Dimond also repeated her allegations that children attending a recent Christmas party at Neverland were not really from charitable groups as listed by the singer’s team. She claimed to find no record of any of the groups listed. However, after less than an hour’s research, a member of MJJForum found the full details of each group.

She further claimed that previous alleged victims of the pop superstar did not want to testify because they feared the singer’s fans. Prosecutors have indicated that there are seven instances of alleged abuse by Mr. Jackson, yet they have only listed one of these as a witness. Dimond’s reason for this lack of witness availability is also incorrect. In fact, according to media reports, at least five of these alleged victims are willing to testify on Mr. Jackson’s behalf.

Dimond further added that she and the alleged victims were constantly receiving abuse on websites supporting the superstar.

In another baffling statement from the reporter, she claimed that Mr. Jackson had a very specific pattern of molestation that he follows to the letter. She then noted that there were no accusations of alcohol or pornography in the previous allegations, although they play a major part in the current case.

In response to the onslaught of perceived media bias against the entertainer, Michael Jackson's fans are planning various actions such as boycotting the sponsors of Court TV, VH-1, and E! Entertainment Television.

Friday, 14 January 2005

According to Santa Barbara News-Press, attorneys for Michael Jackson have subpoenaed employees of Neverland Valley Ranch to help paint a picture of their client's accuser as an unruly child, who is out of control.

At the upcoming trial, the employees are expected to testify that the boy assaulted them verbally, broke into Jackson's wine cellar, and was caught with another boy masturbating in the singer's room while using porn magazines.

Thus far, the defense's primary tactic has been to attack the boy's mother's credibility. They say the woman fabricated the molestation allegations after a botched attempt at getting money from Jackson. The attorneys intend to point to other instances where the mother used similar tactics for financial benefit.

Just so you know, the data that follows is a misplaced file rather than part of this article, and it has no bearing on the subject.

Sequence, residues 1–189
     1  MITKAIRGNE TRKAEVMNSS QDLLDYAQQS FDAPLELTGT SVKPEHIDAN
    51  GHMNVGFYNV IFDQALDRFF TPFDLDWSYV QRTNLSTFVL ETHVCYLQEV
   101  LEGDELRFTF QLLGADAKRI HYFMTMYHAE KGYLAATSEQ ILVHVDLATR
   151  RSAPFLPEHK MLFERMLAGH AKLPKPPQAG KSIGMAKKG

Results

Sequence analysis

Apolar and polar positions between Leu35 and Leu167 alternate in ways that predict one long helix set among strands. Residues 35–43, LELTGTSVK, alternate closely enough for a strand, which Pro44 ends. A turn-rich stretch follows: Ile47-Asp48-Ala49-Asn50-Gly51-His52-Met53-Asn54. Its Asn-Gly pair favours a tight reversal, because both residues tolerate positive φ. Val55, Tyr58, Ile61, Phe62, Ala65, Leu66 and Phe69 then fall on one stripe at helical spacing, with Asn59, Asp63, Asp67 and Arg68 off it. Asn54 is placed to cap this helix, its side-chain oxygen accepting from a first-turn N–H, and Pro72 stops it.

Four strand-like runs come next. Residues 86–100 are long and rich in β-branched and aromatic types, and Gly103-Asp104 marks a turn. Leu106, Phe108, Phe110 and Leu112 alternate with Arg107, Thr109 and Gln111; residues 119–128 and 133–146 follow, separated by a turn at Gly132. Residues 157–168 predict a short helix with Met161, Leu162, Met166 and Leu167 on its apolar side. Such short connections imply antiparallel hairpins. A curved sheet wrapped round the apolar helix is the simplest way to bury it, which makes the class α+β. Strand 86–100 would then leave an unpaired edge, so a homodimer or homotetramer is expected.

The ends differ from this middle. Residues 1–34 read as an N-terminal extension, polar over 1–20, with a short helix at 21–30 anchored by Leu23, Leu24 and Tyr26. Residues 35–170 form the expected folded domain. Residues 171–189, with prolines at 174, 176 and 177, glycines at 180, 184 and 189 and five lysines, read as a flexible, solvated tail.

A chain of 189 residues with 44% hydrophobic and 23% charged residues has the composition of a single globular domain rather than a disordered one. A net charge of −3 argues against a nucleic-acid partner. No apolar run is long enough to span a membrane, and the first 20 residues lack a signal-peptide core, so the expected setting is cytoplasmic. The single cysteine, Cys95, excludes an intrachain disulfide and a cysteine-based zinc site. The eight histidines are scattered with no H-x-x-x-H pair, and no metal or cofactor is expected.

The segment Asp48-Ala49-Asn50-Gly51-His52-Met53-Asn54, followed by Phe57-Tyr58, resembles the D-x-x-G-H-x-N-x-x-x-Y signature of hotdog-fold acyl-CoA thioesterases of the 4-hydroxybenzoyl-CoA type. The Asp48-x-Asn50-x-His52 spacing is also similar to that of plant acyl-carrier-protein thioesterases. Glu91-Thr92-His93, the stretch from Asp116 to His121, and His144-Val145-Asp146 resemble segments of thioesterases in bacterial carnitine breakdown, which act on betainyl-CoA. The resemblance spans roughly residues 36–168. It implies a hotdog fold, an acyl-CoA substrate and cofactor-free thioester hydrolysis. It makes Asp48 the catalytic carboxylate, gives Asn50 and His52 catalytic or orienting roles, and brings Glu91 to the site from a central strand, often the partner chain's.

It now appears that the defense is looking to also destroy the credibility of the accuser with testimony of the subpoenaed employees.

Both defense and prosecution attorneys have recently sent out dozens of subpoenas in preparation for what's foreseen to be a courtroom battle that will last an estimated six months. The trial begins with jury selection which is currently set for January 31st. Jackson is to be present.

It is expected that prosecutors will argue that allegations put forth by the defense against the boy and his mother are beside the point. They maintain that Jackson intoxicated the boy and then molested him.

A number of the prosecution witnesses who testified in front of grand jury are believed to also be testifying at trial, including the boy, his brother, their parents, the psychologist who reported the abuse, and the family's civil attorney.

Martin Bashir, of "Living with Michael Jackson" documentary fame, has also received a subpoena from the prosecution. It is this program which sparked the current litigation against Jackson, for the boy who stands as his accuser was featured in the video.

Jackson's defense team contends that the mother of the boy wanted money from their client for her son's appearance in the documentary, and it was only after Jackson refused to pay did the allegations surface.

The prosecution theorizes that the firestorm following the documentary is what sparked a conspiracy carried out by Jackson and five unindicted others to kidnap, falsely imprison, and force the boy and his family into making the rebuttal video, otherwise known as "Take 2."

The rebuttal aired on February 20, 2003, without the family's contribution. It is on this very day that the prosecution alleges the molestation began, a date pushed back from the initial date of February 7, 2003, one day following the airing of the Bashir documentary in the United States.

However, the defense has said that no one was held against their will. They say that the mother left and returned to Neverland on three different occasions by choice. Additionally, Jackson wasn't home during some of the time that the boy was present at Neverland. Employees are expected to testify that in the absence of their boss, the boy ran wild.